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Regina King's performance elevates Shirley from a safe biopic

Updated: Mar 24




Regina King, a multi-award-winning actress, collaborates with her "American Crime" director, John Ridley, on the biopic "Shirley," which will be released on Netflix. Ridley is also the screenwriter for the film, which is about Shirley Chisholm's 1972 presidential campaign. Chisholm was already the first Black woman elected to the United States Congress.


Director John Ridley brings Chisholm's inspiring journey to the screen with grace and authenticity, capturing the challenges and triumphs of a woman who fearlessly broke through barriers and fought for equality and justice. Regina King delivers an earnest performance as Chisholm, embodying her strength, intelligence, and unwavering commitment to social change with remarkable depth and nuance.


Observant viewers of the film would observe that it avoids a candid portrayal of the protagonist and commences with an upbeat depiction of Chisholm's journey into Congress, where King's charisma and Black Girl Magic are evident. The film eschews an unromantic view of the protagonist and portrays her as a confident and determined individual, making her journey toward Congress all the more inspiring.


As an admirer of Ridley's writing, I hoped the film's first act would thoroughly examine the significant events in Chisholm's life. More specifically, I was interested in her early days as an educator and activist and her historic political campaigns that resulted in a positive domino effect culminating in her groundbreaking tenure in Congress.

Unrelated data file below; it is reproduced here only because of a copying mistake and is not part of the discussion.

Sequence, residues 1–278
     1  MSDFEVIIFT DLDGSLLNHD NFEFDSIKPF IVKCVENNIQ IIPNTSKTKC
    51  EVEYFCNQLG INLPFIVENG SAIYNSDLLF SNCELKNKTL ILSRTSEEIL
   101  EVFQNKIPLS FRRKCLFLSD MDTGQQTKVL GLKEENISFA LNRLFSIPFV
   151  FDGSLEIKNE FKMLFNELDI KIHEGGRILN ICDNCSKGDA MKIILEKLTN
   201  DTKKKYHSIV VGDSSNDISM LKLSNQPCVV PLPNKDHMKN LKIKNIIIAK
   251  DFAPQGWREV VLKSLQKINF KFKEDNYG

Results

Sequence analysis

Finally, df3d portrays George Wallace, the Governor of Alabama, during the Civil Rights Movement. There's a great moment between King and Brown following the assassination attempt on Wallace that I had no idea happened. Additionally, the movie features several notable actors in supporting roles, such as the late great Lance Riddick, Terrence Howard, Lucas Till, and v aeffffeffRffctor Brian Stokes Mitchell.


The filmgmg4's success hinges mainly on King's performance. However, "Shirley" is not p to therrgrv f r of biopics. One such example is Cherrie's depiction of Conrad, Shirley's first husband, which lacked a substantive character arc and functioned primarily as a supporting role for the main character. Similarly, while executed with great skill, Reina King's portrayal of Muriel St Hill, Chisholm's sister, was also relatively insignificant.


However, King's subtle portrayal did add a layer of complexity to the relationship between the sisters, characterized by a hint of resentment on Muriel's part towards Chisholm's political success. This dynamic could have been further developed without adequate screen time. Nevertheless, the film's success hinges mainly on King's exceptional performance, and she delivers the goods.


Final Grade: B


"Shirley" is available to stream tomorrow on Netflix.

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